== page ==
Titles and Bibliography
Thread poster: archista

archista
Spain
Local time: 18:20
English to Spanish
Aug 21, 2016

I know this has been dealt with many times before, but I still have my doubts.

I'm translating an academic article for an important American Magazine.

I know that if a title of a book has no translation, it has to stay in the original language, with no tranlation. But, what if they have been translated?
Should it be
Original title (Translated Title)
or
Translated Title (Original title)
or
Just the translated title...
Estoy trabajando en la traducción de un artículo para una revista académica americana que se ponen especialmente quisquillosos con el idioma y el formato de la bibliografía...

And what about the Bibliography? Should I translate titles which have been consulted in the original language?
What do I need to change when translating bibliography? (pp. for página in Spanish, p. for page in English?)

An example:
Scholes, Robert y Rabkin, Eric (1977). Science fiction: History. Science. Vision, Nueva York, Oxford UP. Ed. esp.: La ciencia ficción: Historia. Ciencia. Perspectiva, Remigio Gómez Díaz (trad.), Madrid, Taurus, 1982.

It has been translated, but in the English article, should I leave it the same or rather...
Scholes, Robert y Rabkin, Eric (1977). Science fiction: History. Science. Vision, Nueva York, Oxford UP

I'm mixed up...


 

Joseph Tein  Identity Verified
United States
Local time: 09:20
Member (2009)
Spanish to English
+ ...
Ask the client Aug 21, 2016

Simply ask the client how they would like this translated, then you'll know. I don't see any harm in asking.

 

Soonthon LUPKITARO(Ph.D.)  Identity Verified
Thailand
Local time: 23:20
Member (2004)
English to Thai
+ ...
Translated Title (Original title) Aug 21, 2016

archista wrote:

I know this has been dealt with many times before, but I still have my doubts.

I'm translating an academic article for an important American Magazine.

I know that if a title of a book has no translation, it has to stay in the original language, with no tranlation. But, what if they have been translated?



I use the format in topic since translated texts are prioritized over original texts e.g. title.

Soonthon L.


 

Nikki Scott-Despaigne  Identity Verified
Local time: 18:20
French to English
Original title - don't translate Aug 22, 2016

In my experience of study, the standard golden rule is not to translate the title of a work, a magazine, a journal etc. A bibliography serves to enable anyone reading the article to track down the references cited. The original reference must be used.

If the author read an article in German and references the article in its German version, you must retain that title in German. If the author used an old French edition of a book, that too should be referenced in its French title. All the elements making up the original reference used (edition, date, page number, etc.) apply to that version. For example, if the article referred to is in French and you translate the title into English. If the person tries to find the reference in English, that indicates that in the work referenced, on the same date, the same edition, the same page number the article is also available in English. (Résumés/Abstracts often appear in English in a French article, for example. That does not mean the article is in English). Another example of a problem that could arise, is that if an English version of the article does actually exist, it may have been published elsewhere, in a different journal, with a different date, with different page numbers).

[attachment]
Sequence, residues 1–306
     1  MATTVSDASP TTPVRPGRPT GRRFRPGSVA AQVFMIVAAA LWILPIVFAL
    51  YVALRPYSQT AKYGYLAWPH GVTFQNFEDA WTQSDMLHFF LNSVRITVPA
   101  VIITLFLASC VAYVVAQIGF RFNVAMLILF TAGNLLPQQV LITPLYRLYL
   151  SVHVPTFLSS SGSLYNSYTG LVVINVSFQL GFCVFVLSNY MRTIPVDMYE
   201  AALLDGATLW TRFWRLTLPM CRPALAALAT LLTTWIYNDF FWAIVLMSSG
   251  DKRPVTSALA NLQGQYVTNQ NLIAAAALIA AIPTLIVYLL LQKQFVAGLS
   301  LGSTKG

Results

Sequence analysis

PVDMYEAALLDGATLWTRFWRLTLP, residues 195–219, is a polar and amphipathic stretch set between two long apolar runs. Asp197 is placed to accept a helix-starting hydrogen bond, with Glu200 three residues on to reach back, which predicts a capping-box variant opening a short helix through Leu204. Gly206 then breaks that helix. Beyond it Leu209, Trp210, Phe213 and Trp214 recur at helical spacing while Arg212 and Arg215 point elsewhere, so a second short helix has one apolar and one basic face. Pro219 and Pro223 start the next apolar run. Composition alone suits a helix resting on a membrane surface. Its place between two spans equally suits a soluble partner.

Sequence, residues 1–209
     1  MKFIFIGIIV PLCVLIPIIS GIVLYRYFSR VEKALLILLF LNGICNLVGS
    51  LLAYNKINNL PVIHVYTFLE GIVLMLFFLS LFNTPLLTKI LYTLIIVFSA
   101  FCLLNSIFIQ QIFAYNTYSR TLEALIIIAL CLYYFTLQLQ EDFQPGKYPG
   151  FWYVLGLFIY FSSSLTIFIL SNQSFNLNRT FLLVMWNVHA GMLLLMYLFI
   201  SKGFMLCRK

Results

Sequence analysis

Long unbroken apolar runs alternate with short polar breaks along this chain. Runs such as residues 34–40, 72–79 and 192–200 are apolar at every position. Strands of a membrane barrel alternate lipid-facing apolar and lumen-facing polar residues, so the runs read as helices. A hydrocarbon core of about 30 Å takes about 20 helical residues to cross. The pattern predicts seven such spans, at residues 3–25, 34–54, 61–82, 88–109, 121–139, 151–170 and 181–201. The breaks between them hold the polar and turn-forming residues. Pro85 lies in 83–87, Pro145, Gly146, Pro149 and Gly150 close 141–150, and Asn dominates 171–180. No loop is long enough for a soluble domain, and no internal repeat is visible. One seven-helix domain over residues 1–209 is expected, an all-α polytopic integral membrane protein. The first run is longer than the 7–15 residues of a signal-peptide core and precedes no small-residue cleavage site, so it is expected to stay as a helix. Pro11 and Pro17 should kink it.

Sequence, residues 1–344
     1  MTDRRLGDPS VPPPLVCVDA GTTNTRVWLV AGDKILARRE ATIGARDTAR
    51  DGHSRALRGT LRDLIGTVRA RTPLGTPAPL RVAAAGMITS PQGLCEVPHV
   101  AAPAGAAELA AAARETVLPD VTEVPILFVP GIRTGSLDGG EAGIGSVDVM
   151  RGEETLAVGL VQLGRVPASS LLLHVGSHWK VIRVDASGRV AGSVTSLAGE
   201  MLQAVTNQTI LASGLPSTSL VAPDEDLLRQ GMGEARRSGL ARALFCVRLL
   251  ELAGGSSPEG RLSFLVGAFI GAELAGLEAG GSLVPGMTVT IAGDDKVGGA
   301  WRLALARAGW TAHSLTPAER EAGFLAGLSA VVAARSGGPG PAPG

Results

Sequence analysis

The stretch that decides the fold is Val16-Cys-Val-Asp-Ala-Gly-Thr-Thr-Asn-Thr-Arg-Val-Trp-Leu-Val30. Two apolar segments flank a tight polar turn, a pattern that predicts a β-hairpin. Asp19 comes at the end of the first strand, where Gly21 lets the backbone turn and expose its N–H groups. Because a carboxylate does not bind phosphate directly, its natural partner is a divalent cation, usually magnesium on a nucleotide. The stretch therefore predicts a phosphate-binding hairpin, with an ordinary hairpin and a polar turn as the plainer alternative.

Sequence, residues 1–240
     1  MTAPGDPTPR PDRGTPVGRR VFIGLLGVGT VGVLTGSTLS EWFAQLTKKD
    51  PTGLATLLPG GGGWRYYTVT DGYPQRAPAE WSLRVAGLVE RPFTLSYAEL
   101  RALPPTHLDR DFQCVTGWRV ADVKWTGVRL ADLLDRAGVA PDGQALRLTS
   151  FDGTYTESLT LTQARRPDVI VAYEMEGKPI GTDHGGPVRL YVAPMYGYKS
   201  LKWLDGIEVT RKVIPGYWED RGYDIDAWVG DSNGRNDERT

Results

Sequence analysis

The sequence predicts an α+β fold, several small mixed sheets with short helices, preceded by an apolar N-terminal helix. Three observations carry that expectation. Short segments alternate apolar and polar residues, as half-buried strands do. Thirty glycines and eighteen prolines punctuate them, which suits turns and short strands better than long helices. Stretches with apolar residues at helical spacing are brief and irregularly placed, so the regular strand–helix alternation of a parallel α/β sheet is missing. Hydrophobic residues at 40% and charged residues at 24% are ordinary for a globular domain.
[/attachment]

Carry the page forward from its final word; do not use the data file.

No you should not transform the references cited in any way. They must remain identical.


[Edited at 2016-08-22 00:07 GMT]

Even if the book referenced by the author exists in a translated version, you do not refer to the translated version. The idea is that you enable the reader to refer to the exact source the author used. You can check this out by looking through a couple of articles published in the same academic field as the one you are translating. Sooner or later you will come across references in Spanish and certainly, almost always, references in English. Many articles published by authors who are non native speakers of English publish only in English in order to attain the widest readership possible.

[Edited at 2016-08-22 00:15 GMT]


 

Barbara Carrara  Identity Verified
Italy
Local time: 18:20
Member (2008)
English to Italian
+ ...
Publisher's Style Guide Aug 22, 2016

Joseph Tein wrote:

Simply ask the client how they would like this translated, then you'll know. I don't see any harm in asking.


I agree with Joseph's suggestion, as publishers have their own style guides contributors, translators, editors, proofreaders etc. have to comply with for articles, notes, references and bibliographies. So, I am pretty sure an 'important American magazine' will no doubt have one, too. In fact, I am surprised they did not email you their style guide alongside the article you have been asked to translate.


 


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